- The Washington Times - Monday, December 19, 2011

DENVER — That sound you don’t hear is Colorado lawmakers holding their breath over a court case that could upend the cash-strapped state’s budget and tax structure.

Denver District Court Judge Sheila Rappaport ruled in Lobato v. Colorado that the state’s funding system fails to provide the “thorough and uniform” education required by the constitution. She called the system “significantly underfunded,” even though Colorado now spends $3.2 billion, or about 45 percent of the $7 billion annual state budget, on K-12 education.

“There is not enough money in the system to permit school districts across the state to properly implement standards-based education and to meet the requirements of state law and regulation,” Judge Rappaport wrote in her Dec. 9 opinion. “There is not one school district that is sufficiently funded. This is an obvious hallmark of an irrational system.”

How much would it take to fund the state education system? The judge declined to name a dollar figure, but in her 189-page decision she cited a study introduced by the plaintiffs that called for an additional $2 billion to $4 billion per year.

That would require the state to devote 89 percent of the general fund to K-12 education, according to estimates by the attorney general’s office. The judge stayed her own ruling until the end of the 2012 legislative session, expected next summer.

Attorney General John Suthers is expected to appeal the decision to the state Supreme Court, which is the only reason state budget crunchers are not yet in full-fledged panic mode.

“I suppose you could basically shut down every other discretionary thing in the state budget,” said Independence Institute research director David Kopel on Friday’s edition of “Colorado Inside Out” on Colorado Public Television.

“We could get rid of higher education, get rid of the Colorado state patrol, get rid of every social service program we have in order to throw money into this sinkhole that Judge Rappaport pretends is mandatory under the constitution,” he said.

The alternative would be to raise taxes, but that’s no surefire fix. Under Colorado’s Taxpayer Bill of Rights, tax increases must be approved by the voters, something they’ve shown no inclination to do in recent elections.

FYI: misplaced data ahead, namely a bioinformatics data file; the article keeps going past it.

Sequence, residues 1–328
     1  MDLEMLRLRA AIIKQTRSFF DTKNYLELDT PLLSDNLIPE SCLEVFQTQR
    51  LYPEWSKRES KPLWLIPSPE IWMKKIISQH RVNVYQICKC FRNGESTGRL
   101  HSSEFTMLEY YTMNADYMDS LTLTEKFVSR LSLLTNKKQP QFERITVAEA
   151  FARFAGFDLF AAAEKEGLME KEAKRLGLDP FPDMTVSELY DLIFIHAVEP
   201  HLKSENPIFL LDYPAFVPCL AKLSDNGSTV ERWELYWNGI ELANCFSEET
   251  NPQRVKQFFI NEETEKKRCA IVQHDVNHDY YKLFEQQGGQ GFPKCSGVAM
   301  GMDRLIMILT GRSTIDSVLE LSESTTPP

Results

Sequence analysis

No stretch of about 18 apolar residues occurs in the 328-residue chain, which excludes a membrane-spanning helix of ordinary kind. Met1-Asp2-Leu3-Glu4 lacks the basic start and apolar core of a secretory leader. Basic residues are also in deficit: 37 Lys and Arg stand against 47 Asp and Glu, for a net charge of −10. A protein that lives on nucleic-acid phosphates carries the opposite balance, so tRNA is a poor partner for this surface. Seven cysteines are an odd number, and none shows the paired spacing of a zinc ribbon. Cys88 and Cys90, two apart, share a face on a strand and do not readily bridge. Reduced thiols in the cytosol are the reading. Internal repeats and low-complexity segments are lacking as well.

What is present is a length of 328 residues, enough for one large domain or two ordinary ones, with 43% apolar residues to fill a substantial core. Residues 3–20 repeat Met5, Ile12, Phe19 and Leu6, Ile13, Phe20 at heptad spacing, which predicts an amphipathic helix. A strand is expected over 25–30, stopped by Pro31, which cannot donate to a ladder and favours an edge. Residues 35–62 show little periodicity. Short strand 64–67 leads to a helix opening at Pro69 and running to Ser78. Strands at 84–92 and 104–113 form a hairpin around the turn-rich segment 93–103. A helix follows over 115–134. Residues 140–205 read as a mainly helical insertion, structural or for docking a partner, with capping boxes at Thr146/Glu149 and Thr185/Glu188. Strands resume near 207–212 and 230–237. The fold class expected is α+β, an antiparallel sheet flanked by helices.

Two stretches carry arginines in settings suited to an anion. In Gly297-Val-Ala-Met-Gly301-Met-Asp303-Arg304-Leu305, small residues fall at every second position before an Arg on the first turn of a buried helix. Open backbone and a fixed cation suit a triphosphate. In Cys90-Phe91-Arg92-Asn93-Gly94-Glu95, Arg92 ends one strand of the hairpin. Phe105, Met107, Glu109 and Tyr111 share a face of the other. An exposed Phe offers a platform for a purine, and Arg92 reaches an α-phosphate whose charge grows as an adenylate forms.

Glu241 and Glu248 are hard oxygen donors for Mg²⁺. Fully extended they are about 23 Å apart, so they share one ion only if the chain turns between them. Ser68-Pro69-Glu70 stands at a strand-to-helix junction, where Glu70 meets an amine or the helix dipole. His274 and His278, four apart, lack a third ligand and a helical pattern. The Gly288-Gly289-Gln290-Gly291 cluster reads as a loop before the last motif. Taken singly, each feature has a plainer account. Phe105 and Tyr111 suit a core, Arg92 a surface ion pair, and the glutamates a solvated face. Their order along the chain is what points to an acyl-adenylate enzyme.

In November, voters shot down a school-funding ballot initiative by a margin of 64 percent to 36 percent. Even that measure, Proposition 103, would have increased taxes by just $1.3 billion over five years, far short of the figures under discussion in the Lobato case.

The conflict has raised the scenario of Colorado voters refusing to approve a court-ordered tax increase, potentially leading to a constitutional crisis.

“What are you going to do, order five million Coloradans to vote for higher taxes?” said Colorado State University political-science professor John Straayer.

Colorado legal analysts have been watching the Lobato case since 2005, when the lawsuit was filed on behalf of rural parents and school districts. The Mexican American Legal Defense and Education Fund was added as an intervener in 2010 on behalf of at-risk and non-English-speaking students.

The case appeared to be dead after two lower courts ruled that education-funding decisions should be left to the legislature. But the Colorado Supreme Court resurrected the case in 2009 by ruling 4-3 that the parents, students and school districts can challenge the state’s school funding system in court.

Since then, however, the composition of the court has changed. In October, Justice Alex Martinez, who had voted in favor of Lobato, stepped down to take a position with the city of Denver, allowing Gov. John Hickenlooper to fill the vacancy.

Mr. Hickenlooper, a Democrat, surprised some by naming a Republican, Brian Boatright, to the high court. The move was widely viewed as an effort to swing the court away from a pro-Lobato decision and enable the governor to avoid either an unpopular tax increase or a massive budget cut on his watch.

Still, analysts point out that a ruling against Lobato would require the court to reverse itself on a decision that’s less than three years old.

Judge’s Rappaport’s decision “is a very strongly worded, very overwhelming decision on behalf of the plaintiffs,” said Kevin Welner, professor at the University of Colorado Boulder School of Education. “As a legal matter, I guess I would expect the [state supreme] court to uphold.”

Others worry that such a ruling would allow the courts essentially to dictate school funding, the situation now facing New Jersey. Earlier this year, the New Jersey Supreme Court ordered the governor to increase school funding by $500 million.

“The whole practical impact, even more than the shocking dollar amount, is that this would effectively hand over budget authority to the courts and unelected judges,” said Colorado Board of Education Chairman Bob Schaffer, a former Republican congressman. “The concept of ‘thorough and uniform’ is a definition for the legislature to meet and they do so by majority vote. I think it’s a question that the court should not even take up.”

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